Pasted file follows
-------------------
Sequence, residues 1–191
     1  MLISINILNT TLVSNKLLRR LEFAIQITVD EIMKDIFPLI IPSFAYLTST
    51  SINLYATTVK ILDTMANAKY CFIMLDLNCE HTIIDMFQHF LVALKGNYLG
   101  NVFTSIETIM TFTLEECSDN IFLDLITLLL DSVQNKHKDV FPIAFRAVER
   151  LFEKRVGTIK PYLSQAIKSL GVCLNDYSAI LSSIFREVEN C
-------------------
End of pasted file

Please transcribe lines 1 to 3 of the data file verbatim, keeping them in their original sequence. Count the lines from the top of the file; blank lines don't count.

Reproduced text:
Sequence, residues 1–191
     1  MLISINILNT TLVSNKLLRR LEFAIQITVD EIMKDIFPLI IPSFAYLTST
    51  SINLYATTVK ILDTMANAKY CFIMLDLNCE HTIIDMFQHF LVALKGNYLG